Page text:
bayakala / funda

FunDA, a functional data processing library to supplement FRM (Functional-Relational-Mapper)

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FunDA (Functional Data Access)

FunDA is a functional database access library designed to supplement FRM (Functional-Relational-Mapper) tools like Slick.
While FRM tools bring type safe language-integrated-query and flexible query composition as well as powerful functional programming paradigm to it's users, the main focus is on data object access and thus in ways short on strength for data persistence support such as data row traversal operations that are so common in ORM. This short-fall plus a brand new functional programming style also make many OOP programmers from the ORM world using FRM quite uncomfortable or even somewhat awkward. On top of bringing back the familiar recordset operations to support data row processing, FunDA also adds in explicit parallel data processing capabilities as well as a simple user-defined programming model to lower requirements for functional programming skills such that with little getting-used-to a traditional OOP programmer could handle FRM so to make FunDA as a much practically productive tool. The core of FunDA is implemented with scalaz-streams-fs2. FunDA can be depicted as a workflow pipe with a sequence of work-nodes where user-defined data processing tasks could be plugged in. FunDA is implemented as a forward-only stream of rows representing pure data or query actions. User-defined-tasks at a work-node can intercept rows and run some processes with the context of each row. And these user-defined-tasks can be run parallelly through FunDA's Parallelism.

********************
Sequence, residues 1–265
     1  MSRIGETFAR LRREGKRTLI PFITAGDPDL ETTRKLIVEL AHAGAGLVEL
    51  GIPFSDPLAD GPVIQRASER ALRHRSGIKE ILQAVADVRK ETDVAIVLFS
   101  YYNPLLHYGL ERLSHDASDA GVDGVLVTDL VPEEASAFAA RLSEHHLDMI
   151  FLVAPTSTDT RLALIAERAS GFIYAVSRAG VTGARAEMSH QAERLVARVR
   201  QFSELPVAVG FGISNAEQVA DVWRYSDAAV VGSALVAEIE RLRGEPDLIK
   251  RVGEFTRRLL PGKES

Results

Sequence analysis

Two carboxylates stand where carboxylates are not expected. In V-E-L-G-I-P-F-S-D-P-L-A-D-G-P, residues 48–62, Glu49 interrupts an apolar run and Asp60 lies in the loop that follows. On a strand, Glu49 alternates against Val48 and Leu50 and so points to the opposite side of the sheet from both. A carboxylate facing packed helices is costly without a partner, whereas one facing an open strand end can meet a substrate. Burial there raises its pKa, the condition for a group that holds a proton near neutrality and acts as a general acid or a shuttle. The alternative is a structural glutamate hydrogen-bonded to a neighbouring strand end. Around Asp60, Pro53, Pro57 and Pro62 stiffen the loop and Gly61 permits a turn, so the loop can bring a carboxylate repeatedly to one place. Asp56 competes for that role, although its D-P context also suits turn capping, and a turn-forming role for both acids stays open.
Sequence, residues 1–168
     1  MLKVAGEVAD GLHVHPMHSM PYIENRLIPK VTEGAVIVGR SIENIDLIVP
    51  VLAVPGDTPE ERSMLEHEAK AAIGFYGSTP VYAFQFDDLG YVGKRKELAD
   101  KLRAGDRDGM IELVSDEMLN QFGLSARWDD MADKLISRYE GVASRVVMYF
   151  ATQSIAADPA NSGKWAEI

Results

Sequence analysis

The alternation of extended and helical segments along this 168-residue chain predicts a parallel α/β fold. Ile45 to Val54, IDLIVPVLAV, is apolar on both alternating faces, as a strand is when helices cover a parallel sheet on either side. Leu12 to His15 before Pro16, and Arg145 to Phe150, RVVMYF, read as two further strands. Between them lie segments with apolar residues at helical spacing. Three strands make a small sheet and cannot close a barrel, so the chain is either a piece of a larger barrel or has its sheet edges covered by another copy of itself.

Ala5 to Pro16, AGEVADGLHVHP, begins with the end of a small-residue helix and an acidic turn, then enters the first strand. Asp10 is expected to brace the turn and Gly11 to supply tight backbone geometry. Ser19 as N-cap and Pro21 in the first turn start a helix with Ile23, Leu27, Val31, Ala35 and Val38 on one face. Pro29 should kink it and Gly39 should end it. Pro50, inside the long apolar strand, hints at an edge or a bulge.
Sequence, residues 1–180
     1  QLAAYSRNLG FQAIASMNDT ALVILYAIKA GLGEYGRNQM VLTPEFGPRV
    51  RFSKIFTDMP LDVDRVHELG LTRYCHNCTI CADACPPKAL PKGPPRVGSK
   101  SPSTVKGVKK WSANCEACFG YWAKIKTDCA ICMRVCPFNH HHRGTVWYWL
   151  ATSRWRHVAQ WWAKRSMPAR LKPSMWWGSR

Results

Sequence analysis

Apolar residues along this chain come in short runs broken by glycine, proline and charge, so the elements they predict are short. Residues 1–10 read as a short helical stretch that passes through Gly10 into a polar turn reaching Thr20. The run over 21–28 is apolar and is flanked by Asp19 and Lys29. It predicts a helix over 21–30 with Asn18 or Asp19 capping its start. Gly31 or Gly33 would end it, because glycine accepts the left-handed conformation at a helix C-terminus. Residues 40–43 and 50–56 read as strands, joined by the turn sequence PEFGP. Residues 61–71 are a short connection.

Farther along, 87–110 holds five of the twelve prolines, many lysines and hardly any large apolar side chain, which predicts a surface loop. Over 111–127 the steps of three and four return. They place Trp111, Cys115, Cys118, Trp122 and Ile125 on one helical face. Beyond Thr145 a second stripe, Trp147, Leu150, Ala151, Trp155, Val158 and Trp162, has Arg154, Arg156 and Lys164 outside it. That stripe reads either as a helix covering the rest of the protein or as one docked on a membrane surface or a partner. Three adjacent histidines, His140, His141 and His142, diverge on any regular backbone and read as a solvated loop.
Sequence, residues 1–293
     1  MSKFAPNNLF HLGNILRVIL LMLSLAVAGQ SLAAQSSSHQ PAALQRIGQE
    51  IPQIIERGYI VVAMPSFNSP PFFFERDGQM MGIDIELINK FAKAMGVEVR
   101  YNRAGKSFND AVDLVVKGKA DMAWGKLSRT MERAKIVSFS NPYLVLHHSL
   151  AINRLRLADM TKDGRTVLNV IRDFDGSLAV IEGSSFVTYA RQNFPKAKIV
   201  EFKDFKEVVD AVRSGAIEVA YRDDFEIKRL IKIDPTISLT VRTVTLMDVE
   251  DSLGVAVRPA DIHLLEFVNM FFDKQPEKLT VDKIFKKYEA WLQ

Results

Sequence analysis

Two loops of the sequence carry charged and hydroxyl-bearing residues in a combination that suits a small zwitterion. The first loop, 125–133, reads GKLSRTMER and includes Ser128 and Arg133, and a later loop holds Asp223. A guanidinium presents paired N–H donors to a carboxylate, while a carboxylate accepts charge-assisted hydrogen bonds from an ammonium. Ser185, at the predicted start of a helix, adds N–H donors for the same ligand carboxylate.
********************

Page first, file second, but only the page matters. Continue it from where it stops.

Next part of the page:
A typical FunDA program consists of a source and many user-defined-tasks as follows:

val streamSource = streamLoader.fda_typedStream(albumsInfo.result)(db)(512, 128)()

streamSource.appendTask(transformData).appendTask(runActionQuery).appendTask(showResults).startRun

where "streamSource" is a FunDA stream source produced by loading data from database, and "transformData", "runActionQuery" and "showResults" are all user-defined-tasks each responsible to achieve some minimal distinctive effect. As the unique flavor of functional programming, these are functional combinators and can be composed in a specific order to perform a much bigger and complexed task. From the semantics of the FunDA program above we can make a wild guess that "transformData" would transform each data row to query actions and these query actions are executed by "runActionQuery" at the next work-node.

how to use

FunDA artifacts are currently published on Bintray. Add following in your build.sbt:

resolvers +=  Resolver.bintrayRepo("bayakala","maven")
libraryDependencies += "com.bayakala" %% "funda" % "1.0.0-RC-01" withSources() withJavadoc()


for your info, FunDA allready includes the following dependencies:

   libraryDependencies ++= Seq(
      "com.typesafe.slick" %% "slick" % "3.2.0",
      "com.h2database" % "h2" % "1.4.191",
      "com.typesafe.slick" %% "slick-hikaricp" % "3.2.0",
      "ch.qos.logback" % "logback-classic" % "1.1.7",
      "co.fs2" %% "fs2-core" % "0.9.4",
      "co.fs2" %% "fs2-io" % "0.9.4",
      "com.typesafe.play" % "play-iteratees-reactive-streams_2.11" % "2.6.0"
    )

Remarks: users should set up their own Slick database configuration file application.conf in the resources directory.

to run the examples

There is a sample applicaion "funda-demo" located on github here: www.github.com/bayakala/funda-demo . It includes sample data located under resources/testdata/ and it is a bare cvs file. Import this file in your database before you run the examples. The examples should be run in the following order:

1. StrongTypedRows.scala  
2. UserDefinedTasks.scala
3. ParallelLoading.scala
4. ParallelTasks.scala
5. ParallelExecution.scala
6. ExceptionsAndFinalizers.scala

download and try it. good luck and have fun!

The Principles

FunDA's workflow FDAPipeLine is a scalaz-streams-fs2 and therefore is a free-monad. It is highly composable:

val streamLoader = FDAStreamLoader(slick.jdbc.H2Profile)(toTypedRow _)